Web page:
Prince George’s County Public Schools community members discussed concerns about school safety at a forum on Tuesday, weeks after a shooting near DuVal High School left one student dead and school officials found a loaded firearm at Fairmont Heights High School.
PGCPS superintendent Millard House II led the school safety action forum, which aimed to provide families, educators and other community members an opportunity to discuss the district’s efforts to ensure safety and security within their schools.
“There is zero tolerance for fire guns, firearms, knives or any type of weapon on the premises of our schools,” House said. “Anything that threatens the safety of students and staff is, quite frankly, unacceptable and will not be tolerated.”
House’s comments at Tuesday’s forum come after two recent gun-related incidents at or near county schools.
On Sept. 11, DuVal High School student Jayda Medrano-Moore was fatally shot near the school’s campus. A 17-year-old Charles Herbert Flowers High School student was arrested in connection with the shooting.
Nine days later, another gun-related incident took place at Fairmont Heights High School. A 17-year-old student brought a loaded firearm onto the school’s campus, prompting urgent calls for administrators and law enforcement to address safety concerns across PGCPS.
Violence in PGCPS rose to unprecedented levels in recent years, according to Prince George’s County Police Chief Malik Aziz. There were 10 arrests related to firearms during the 2022-23 school year. So far in the 2023-24 school year, there have been two gun-related arrests, Aziz said.
“The high volume of guns in our county, they will permeate our school system in some form or fashion.” Aziz said Tuesday.
The juvenile arrest rate in the county has also seen a noticeable increase since 2019. PGPD arrested 62 individuals under 18 years old that year, compared to the 71 arrested so far in 2023, Aziz said.
PGCPS introduced new safety measures this summer — some of which were implemented before the incidents at DuVal and Fairmont Heights high schools. Students at county high schools are required to carry clear backpacks, and some schools have security screening technology like metal detectors.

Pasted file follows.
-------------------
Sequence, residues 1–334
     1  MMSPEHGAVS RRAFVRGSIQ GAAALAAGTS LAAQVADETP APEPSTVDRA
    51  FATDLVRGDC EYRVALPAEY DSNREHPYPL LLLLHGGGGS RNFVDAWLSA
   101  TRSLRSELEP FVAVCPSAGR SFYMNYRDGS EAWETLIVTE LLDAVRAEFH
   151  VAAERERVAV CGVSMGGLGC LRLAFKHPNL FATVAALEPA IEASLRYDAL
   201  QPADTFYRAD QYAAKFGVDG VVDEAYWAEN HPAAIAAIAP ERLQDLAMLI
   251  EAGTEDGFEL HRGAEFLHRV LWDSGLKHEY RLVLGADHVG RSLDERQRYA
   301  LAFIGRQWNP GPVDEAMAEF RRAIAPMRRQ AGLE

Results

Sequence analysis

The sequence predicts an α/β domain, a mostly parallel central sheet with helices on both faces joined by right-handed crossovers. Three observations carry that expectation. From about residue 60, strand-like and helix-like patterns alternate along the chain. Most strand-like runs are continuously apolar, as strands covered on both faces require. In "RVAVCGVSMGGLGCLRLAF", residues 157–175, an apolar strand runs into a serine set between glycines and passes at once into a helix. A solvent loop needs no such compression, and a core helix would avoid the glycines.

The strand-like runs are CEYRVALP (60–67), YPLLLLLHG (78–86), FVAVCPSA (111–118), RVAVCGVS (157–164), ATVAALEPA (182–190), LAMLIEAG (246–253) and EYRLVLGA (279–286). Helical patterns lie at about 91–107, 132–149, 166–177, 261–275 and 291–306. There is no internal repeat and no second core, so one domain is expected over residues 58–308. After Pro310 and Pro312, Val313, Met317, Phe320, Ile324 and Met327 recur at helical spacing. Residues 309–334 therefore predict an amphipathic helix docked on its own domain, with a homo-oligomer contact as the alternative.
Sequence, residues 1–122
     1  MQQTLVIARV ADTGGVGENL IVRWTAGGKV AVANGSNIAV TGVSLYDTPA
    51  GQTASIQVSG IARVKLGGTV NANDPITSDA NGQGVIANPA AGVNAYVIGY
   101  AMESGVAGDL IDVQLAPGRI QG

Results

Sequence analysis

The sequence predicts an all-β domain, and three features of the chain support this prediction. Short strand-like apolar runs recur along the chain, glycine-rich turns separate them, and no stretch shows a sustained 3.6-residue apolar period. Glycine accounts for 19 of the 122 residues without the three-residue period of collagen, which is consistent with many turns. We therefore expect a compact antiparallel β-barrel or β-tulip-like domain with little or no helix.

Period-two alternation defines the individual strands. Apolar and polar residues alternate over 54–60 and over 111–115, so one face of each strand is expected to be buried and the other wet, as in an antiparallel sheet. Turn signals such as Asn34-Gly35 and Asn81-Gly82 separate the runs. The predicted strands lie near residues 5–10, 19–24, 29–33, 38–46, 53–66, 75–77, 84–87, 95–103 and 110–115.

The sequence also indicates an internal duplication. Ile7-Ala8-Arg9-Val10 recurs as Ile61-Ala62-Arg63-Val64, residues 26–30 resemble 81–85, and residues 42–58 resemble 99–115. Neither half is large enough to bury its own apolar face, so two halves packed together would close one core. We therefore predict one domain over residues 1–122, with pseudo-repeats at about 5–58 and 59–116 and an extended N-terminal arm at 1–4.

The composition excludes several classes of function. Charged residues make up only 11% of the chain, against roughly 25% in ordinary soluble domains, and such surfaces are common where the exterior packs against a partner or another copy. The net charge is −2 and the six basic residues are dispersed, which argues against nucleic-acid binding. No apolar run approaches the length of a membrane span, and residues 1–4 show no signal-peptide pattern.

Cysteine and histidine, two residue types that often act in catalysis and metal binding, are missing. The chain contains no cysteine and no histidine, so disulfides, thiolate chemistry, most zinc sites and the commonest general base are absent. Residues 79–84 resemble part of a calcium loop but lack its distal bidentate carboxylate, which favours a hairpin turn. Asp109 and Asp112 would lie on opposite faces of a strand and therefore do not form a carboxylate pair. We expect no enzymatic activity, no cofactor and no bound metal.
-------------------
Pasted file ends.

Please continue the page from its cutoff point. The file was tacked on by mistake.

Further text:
The security screening devices are portable and can be moved as needed throughout the school’s campus for sports games and other events, according to school system safety and security services director Gary Cunningham.
Rayne Rivera-Forbes, a senior at DuVal High School and the PGCPS Board of Education’s student member, said at the forum that the metal detectors and clear backpacks make a big difference, but further action is needed.
“As a community, we must do more,” Rivera-Forbes said. “A lot of violence happens outside of school, off of school property, and we have to start asking more questions like, ‘What is causing students to take actions like this?'”
Cunningham said the devices take eight to 10 weeks to construct and deliver to schools. By November, each high school in the county will be equipped with at least eight screening devices, he said, adding that eight of the county’s 42 middle schools will also have screening technology by spring 2024.
PGCPS has stationed 18 student resource officers in high schools and eight in middle schools, Aziz said. Under overtime policies, an additional supervisor and five additional officers are rotated across various schools.
Cunningham said the school district has requested additional personnel to guide students through metal detectors in schools, but hasn’t received an answer to the request yet.
The school system partners with PGPD to request and administer school resource officers.
House told community members that as the county grapples with issues related to school security and safety, parents should play an active role and encourage their children to say something if they see something.
“This is a collective effort,” House said. “We also need you, as parents, to take the message to heart. Check your child’s rooms, their belongings. If you are aware of a weapon or something that just doesn’t sit right in their possession, even if it’s your child or their friend, please report it.”